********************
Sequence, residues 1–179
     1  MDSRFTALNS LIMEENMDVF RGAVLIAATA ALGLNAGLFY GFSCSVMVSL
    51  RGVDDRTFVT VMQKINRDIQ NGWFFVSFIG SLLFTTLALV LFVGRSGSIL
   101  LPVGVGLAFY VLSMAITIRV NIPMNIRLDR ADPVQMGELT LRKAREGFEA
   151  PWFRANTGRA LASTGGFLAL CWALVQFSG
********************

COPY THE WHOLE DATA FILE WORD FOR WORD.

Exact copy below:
Sequence, residues 1–179
     1  MDSRFTALNS LIMEENMDVF RGAVLIAATA ALGLNAGLFY GFSCSVMVSL
    51  RGVDDRTFVT VMQKINRDIQ NGWFFVSFIG SLLFTTLALV LFVGRSGSIL
   101  LPVGVGLAFY VLSMAITIRV NIPMNIRLDR ADPVQMGELT LRKAREGFEA
   151  PWFRANTGRA LASTGGFLAL CWALVQFSG